Usability testing is more important than customer feedback!
The customer expects you to deliver an app that magically works with all of their users. Here’s how you can achieve it:
What most app development agencies miss is that the people who will eventually be using the app (the users) will be different from the ones who are paying for it (the customer). When finding a balance between resources available and quality of the final app, we tend to start building an app based on how customers want it. This widens the gap between the final app and how users are expecting it to be.
Usability testing is to understand what the end-users expect from the solution you are building. Usability testing or user research may sound like rocket science but it’s rather simple. It need not be expensive or time-consuming and doesn’t need a complicated set-up. And yes, your actionable insights can be used in iterating your app.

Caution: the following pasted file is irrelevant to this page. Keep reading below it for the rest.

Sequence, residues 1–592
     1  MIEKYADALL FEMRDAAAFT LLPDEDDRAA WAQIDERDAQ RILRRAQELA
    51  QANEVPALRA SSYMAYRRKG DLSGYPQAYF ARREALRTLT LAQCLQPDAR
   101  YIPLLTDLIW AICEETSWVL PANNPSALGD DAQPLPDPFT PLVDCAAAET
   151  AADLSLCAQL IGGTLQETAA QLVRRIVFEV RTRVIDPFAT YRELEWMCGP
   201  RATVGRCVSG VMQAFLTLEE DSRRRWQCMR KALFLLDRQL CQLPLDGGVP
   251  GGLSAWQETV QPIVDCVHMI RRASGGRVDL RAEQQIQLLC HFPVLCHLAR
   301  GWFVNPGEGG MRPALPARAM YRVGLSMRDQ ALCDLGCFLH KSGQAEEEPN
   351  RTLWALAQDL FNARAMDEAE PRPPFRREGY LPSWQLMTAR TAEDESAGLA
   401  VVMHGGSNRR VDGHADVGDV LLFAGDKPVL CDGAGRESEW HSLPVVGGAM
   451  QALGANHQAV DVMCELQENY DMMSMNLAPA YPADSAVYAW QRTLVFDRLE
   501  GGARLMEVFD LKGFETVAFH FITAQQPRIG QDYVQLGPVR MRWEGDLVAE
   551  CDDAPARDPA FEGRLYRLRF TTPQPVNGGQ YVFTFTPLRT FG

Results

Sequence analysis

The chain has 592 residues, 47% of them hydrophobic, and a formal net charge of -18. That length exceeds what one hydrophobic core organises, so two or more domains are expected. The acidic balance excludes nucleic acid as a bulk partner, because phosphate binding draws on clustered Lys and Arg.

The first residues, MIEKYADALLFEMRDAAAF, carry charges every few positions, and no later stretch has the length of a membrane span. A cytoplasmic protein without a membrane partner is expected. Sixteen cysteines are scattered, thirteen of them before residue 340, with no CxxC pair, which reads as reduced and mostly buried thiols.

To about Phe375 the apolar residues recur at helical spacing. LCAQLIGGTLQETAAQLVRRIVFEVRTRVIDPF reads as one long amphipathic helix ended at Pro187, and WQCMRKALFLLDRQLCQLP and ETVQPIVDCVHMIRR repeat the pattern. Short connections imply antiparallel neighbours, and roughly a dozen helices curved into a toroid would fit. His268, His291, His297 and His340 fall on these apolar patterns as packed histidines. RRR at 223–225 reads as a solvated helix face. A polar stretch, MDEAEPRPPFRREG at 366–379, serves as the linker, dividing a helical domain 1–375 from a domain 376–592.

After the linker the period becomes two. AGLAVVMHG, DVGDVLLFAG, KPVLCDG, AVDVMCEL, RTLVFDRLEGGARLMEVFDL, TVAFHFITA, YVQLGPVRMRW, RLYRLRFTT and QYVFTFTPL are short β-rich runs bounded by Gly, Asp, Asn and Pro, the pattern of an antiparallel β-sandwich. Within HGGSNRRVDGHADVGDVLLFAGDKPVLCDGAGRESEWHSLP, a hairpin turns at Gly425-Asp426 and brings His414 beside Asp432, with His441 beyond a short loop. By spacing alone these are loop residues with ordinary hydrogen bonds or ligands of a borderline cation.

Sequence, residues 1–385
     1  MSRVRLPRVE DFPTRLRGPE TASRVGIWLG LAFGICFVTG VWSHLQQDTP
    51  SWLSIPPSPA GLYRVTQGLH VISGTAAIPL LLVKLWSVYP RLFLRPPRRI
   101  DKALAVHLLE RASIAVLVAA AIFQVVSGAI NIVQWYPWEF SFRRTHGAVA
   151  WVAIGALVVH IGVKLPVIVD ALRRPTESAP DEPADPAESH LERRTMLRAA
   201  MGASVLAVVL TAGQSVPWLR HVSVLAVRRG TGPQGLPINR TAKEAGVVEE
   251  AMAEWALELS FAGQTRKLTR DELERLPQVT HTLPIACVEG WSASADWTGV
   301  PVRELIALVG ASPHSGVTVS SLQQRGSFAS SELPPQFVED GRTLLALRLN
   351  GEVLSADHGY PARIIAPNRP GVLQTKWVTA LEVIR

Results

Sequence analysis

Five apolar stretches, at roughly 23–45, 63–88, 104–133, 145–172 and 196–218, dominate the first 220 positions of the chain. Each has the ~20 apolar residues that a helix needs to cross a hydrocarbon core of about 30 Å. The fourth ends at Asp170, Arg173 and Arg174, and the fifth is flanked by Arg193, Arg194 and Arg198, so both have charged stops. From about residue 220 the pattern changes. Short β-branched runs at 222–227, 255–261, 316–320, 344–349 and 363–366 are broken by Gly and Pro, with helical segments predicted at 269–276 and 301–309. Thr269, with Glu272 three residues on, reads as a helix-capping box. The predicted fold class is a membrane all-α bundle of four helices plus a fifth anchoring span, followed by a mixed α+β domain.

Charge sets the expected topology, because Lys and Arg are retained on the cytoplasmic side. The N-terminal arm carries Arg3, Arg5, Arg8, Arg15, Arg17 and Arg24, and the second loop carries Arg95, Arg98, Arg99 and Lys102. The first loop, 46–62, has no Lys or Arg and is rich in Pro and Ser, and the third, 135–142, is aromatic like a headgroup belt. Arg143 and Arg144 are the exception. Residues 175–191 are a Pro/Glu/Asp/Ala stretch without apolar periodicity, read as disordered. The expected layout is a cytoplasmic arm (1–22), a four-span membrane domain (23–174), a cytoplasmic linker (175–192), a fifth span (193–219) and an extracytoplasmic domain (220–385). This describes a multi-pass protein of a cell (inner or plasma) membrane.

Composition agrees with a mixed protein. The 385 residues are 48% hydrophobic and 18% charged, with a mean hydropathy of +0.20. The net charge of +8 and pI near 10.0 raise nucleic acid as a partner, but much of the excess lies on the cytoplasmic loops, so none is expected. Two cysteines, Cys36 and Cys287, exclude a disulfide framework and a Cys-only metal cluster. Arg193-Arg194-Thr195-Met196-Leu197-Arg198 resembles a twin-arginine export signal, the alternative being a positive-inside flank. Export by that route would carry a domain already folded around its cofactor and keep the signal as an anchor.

Many a time, usability testing can be as simple as a phone call, Skype or Hangouts discussion. Sometimes it requires gathering people in a room and asking them to perform a task. If you have your wireframes/mockups in place you can create prototypes, share the prototypes and observe users by giving them small tasks to complete on the prototype.
On the other hand, customer feedback is more like sharing your app or designs with customers – “How do you like it?”. Rather than it providing any insights for improvement, it reinforces customer bias in the development.
Let’s look at other factors on why you should rely on usability testing more than customer feedback for successful delivery and long-term customer relation.
Customer feedback is always changing